DANVILLE, Ky. - Sparks flew early and often as Joe Biden and Paul Ryan sparred over the economy and taxes, Medicare and the "47 percent" during the vice presidential debate Thursday night.
"That is a bunch of malarkey," the vice president retorted after a particularly tough Ryan attack on the administration's foreign policy.
"Not a single thing he said is accurate," Democrat Biden declared after Ryan said U.S. Ambassador Chris Stevens had been denied sufficient security by administration officials. Stevens died in a terrorist attack on the U.S. Consulate in Benghazi on Sept. 11.
Both men seemed primed for a showdown from their opening moments on stage, and neither seemed willing to let the other one have the final word.
"I know you're under a lot of duress to make up for lost ground, but I think people would be better served if we don't interrupt each other," Republican Ryan said to his older rival at one point. But both continued to do so — and interrupted moderator Martha Raddatz of ABC as well.
The debate took place a little more than a week after President Barack Obama and Republican challenger Mitt Romney met in the first of their three debates — an encounter that has fueled a Republican comeback in opinion polls.
With Democrats eager for Biden to show the spark the president lacked, he did so.
Biden pounced on a Romney's secretly videotaped remarks at a fundraiser that 47 percent of Americans are victims who feel entitled to government handouts.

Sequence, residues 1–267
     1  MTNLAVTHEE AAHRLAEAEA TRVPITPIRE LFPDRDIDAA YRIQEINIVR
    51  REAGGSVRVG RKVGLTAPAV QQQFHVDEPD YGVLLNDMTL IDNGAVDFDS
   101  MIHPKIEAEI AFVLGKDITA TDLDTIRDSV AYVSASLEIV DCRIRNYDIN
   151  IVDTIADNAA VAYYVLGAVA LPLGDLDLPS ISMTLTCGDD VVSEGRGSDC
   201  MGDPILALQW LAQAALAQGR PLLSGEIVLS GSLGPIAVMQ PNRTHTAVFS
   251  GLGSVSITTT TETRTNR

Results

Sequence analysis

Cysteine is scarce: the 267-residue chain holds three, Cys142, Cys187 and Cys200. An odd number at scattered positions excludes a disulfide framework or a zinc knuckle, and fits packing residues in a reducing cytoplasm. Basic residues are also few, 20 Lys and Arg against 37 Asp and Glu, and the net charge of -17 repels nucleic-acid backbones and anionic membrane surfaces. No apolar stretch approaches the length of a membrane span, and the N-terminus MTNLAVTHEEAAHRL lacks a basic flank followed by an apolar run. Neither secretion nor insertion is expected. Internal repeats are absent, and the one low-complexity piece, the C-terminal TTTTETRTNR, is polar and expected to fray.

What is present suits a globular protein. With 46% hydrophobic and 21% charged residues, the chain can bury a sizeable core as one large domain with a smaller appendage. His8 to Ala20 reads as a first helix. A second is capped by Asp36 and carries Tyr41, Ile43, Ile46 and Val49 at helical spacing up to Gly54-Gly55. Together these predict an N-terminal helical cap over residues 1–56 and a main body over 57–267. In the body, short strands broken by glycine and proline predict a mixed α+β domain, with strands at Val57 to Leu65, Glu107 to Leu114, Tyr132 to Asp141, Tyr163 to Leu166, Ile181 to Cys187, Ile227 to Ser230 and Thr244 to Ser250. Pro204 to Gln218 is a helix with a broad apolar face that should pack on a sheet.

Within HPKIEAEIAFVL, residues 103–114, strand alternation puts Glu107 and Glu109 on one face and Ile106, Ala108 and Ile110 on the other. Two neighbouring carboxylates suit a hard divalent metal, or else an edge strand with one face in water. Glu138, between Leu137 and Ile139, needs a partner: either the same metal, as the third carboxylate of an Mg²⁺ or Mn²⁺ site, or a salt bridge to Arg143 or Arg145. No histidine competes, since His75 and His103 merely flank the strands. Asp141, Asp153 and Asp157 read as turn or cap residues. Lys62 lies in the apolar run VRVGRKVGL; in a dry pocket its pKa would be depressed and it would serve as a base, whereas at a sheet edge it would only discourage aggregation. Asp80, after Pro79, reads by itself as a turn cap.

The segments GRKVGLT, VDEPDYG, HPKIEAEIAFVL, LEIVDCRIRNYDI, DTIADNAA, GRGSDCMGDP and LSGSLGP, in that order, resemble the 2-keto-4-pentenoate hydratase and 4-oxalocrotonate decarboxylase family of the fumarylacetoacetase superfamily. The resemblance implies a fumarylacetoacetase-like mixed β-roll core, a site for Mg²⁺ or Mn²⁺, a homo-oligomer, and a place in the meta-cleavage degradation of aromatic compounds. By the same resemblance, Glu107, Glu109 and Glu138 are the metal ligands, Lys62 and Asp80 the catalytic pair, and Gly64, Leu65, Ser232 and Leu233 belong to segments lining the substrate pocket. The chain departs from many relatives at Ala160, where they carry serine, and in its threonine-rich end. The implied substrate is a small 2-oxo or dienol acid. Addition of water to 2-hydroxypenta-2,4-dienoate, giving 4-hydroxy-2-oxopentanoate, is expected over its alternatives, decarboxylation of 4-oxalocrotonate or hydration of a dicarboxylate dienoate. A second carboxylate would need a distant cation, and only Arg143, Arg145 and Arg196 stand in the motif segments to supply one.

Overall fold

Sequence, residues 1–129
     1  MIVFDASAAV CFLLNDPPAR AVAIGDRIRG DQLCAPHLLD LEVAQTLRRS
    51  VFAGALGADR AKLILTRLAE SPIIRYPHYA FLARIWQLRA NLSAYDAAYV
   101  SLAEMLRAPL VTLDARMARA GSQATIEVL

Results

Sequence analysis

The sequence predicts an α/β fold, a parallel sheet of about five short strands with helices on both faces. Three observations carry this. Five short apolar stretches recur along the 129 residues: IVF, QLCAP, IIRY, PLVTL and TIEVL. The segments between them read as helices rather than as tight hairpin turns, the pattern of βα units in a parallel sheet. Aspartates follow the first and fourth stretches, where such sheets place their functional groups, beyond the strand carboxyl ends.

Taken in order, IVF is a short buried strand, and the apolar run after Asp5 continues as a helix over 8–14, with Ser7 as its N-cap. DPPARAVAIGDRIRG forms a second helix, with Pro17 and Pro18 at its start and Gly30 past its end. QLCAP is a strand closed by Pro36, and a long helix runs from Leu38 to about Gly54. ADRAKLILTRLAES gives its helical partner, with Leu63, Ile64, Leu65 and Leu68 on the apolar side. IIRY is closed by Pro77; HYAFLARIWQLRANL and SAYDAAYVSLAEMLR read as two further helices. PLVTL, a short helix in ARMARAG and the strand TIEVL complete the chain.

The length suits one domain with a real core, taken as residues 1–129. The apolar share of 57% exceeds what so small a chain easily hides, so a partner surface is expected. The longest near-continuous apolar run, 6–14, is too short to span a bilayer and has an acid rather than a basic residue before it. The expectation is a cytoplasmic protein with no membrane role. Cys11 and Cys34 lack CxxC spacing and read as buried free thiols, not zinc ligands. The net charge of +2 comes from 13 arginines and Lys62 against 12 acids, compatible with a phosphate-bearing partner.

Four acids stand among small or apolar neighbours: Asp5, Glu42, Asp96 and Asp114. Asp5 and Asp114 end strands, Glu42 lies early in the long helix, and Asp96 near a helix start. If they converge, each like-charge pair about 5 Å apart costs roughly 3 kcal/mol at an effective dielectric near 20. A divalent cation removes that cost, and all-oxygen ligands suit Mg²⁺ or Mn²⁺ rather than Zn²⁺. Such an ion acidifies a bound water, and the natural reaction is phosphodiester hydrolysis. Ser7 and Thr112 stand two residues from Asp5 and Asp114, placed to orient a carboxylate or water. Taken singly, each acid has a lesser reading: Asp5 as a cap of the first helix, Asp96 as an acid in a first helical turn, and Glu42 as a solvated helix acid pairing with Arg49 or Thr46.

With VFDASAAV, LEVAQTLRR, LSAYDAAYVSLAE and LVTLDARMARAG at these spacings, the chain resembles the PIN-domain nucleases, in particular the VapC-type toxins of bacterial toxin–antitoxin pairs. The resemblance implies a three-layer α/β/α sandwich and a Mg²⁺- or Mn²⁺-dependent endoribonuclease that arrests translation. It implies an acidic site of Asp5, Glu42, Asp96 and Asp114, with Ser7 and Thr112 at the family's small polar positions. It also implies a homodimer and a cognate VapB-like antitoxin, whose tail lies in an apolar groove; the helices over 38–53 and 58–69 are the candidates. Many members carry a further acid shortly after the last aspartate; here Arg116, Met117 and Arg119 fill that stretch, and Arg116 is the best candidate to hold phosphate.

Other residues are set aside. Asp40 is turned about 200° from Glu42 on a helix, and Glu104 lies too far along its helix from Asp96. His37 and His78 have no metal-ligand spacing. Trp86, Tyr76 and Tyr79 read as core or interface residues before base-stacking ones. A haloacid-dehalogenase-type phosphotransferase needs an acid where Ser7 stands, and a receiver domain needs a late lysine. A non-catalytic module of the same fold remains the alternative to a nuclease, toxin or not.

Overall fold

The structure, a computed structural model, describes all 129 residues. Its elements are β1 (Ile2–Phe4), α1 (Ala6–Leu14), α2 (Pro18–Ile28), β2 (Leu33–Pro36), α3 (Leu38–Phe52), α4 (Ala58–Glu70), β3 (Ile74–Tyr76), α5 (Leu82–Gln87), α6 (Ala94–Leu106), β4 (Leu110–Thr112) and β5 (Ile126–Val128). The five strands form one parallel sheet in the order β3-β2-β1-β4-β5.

Biden said Romney's opposition to the Obama administration's auto industry bailout and government steps to prevent home foreclosures "shouldn't be surprising" given his comments that nearly half of Americans don't pay income tax.
"These people are my mom and dad, the people who I grew up with, my neighbors," Biden added. "They are elderly people ... they are veterans and people fighting in Afghanistan."
Ryan's comeback drew one of the biggest laughs of the night.
"With respect to that quote, I think the vice president very well knows that sometimes the words don't come out of your mouth the right way," Ryan said, a jest at Biden's gaffe-prone ways.
Biden chuckled and shot back, "But I always say what I mean and so does Romney."
"It's about time they take responsibility" instead of signing pledges to avoid raising taxes, Biden said -- of Romney, Ryan and the Republicans.
But Ryan quickly turned to dreary economic statistics -- 23 million are struggling to work, he said, and 15 percent of the country is living in poverty. "This is not what a real recovery looks like."
Medicare was a flashpoint, as well. Ryan said Obama's health care plan had diverted $716 billion from the program for seniors and created a new board that could deny care to patients who need it.
Democrats "haven't put a credible solution on the table," he said. "They'll tell you about vouchers. They'll say all these things to try to scare people."